Embroiled in scandal, Purdue Pharma backs a digital approach to opioid dependency

Purdue Pharma's interest in using mHealth apps to reduce opioid use has been met with skepticism.

A drug manufacturer that has been blamed for the country’s opioid crisis is partnering with a Pennsylvania health system to determine if a mobile app can help patients reduce or eliminate pain medication.

Purdue Pharma, which manufactures OxyContin, is partnering with Geisinger Health System to study a new approach that allows patients with chronic pain to transmit information to their physician through an iPhone or Apple Watch, according to Buzzfeed News.

Using Apple’s ResearchKit, the drug manufacturer plans to test a digital approach to pain management on 200 patients at Geisinger. Data is recorded through an app and fed into a patient’s EHR, allowing physicians to modify pain medication prescriptions or identify alternative pain management techniques based on a stream of real-time information.

Over the past year, the pharmaceutical company has weathered an onslaught of negative press and continues to face legal repercussions for its marketing practices nearly a decade after paying $635 million in fines for downplaying the addiction risks associated with OxyContin.

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Last year, court records revealed the extent to which the company sought to prevent preauthorization of OxyContin in West Virginia, an area that has been among the hardest hit by the epidemic. Given Purdue’s unsavory history that some believe served as the bedrock for addiction in communities across the country, addiction experts are skeptical of the company’s newfound interest in mobile health interventions.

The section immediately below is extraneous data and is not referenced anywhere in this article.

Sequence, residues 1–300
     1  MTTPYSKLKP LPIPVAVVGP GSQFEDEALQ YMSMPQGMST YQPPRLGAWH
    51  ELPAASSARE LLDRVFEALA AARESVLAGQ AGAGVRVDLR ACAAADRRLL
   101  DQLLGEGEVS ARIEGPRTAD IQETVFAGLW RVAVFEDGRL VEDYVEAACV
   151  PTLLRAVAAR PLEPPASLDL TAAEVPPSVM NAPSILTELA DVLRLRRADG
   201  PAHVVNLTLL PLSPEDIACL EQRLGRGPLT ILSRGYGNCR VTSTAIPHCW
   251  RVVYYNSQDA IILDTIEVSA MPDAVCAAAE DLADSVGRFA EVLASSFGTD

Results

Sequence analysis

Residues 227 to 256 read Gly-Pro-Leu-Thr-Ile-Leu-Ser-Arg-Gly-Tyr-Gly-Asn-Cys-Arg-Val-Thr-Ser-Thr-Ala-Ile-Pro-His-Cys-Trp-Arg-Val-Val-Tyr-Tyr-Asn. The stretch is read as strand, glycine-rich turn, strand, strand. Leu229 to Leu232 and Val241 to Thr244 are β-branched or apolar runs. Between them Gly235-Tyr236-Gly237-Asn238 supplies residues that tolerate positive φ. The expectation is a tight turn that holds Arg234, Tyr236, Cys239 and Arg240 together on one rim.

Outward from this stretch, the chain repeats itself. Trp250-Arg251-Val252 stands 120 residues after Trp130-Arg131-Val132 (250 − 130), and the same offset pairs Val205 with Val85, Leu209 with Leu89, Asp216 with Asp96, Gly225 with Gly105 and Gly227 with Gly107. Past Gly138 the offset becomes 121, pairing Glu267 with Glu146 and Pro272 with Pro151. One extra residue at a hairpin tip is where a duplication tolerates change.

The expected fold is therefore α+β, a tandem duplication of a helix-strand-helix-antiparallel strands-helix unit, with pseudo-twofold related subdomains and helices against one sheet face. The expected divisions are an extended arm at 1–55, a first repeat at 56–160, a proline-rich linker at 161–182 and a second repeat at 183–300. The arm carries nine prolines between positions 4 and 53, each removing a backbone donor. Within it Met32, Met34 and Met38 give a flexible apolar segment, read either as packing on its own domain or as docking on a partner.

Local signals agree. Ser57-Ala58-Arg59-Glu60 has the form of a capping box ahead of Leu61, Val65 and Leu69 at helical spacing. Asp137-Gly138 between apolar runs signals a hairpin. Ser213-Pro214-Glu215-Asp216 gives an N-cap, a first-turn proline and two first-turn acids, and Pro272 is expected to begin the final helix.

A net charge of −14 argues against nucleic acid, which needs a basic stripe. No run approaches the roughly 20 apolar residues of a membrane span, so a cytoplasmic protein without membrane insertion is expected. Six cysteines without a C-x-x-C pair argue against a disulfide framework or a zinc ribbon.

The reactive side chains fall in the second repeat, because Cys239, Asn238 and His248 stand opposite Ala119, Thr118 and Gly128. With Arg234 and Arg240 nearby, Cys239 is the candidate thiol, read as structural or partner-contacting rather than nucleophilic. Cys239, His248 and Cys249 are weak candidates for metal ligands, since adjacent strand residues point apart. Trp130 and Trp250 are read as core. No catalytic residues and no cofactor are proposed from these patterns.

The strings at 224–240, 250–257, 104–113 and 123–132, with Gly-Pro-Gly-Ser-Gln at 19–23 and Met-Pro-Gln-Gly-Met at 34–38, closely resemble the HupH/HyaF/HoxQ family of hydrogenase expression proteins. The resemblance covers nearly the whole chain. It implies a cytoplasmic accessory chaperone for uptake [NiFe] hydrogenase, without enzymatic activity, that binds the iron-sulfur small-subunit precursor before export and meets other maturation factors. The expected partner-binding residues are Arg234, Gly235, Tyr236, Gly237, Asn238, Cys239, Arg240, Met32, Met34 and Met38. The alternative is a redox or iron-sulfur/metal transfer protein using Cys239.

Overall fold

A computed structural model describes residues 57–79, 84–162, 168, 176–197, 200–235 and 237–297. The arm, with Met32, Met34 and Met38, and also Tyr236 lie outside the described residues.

“I’m just very suspicious that they’re interested in developing a tool that will help people get off of their medicines,” Andrew Kolodny, co-director of the Opioid Policy Research Collaborative at Brandeis University, told Buzzfeed News. “When I hear about this, I wonder if it’s all an effort by Purdue to get good [public relations].”

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However, pain management experts have acknowledged that wearables could play a key role in battling opioid addiction by allowing patients to take an active role in treatment. Meanwhile, telemedicine has emerged as a new tool in federal efforts to fight opioid abuse in rural areas of the country.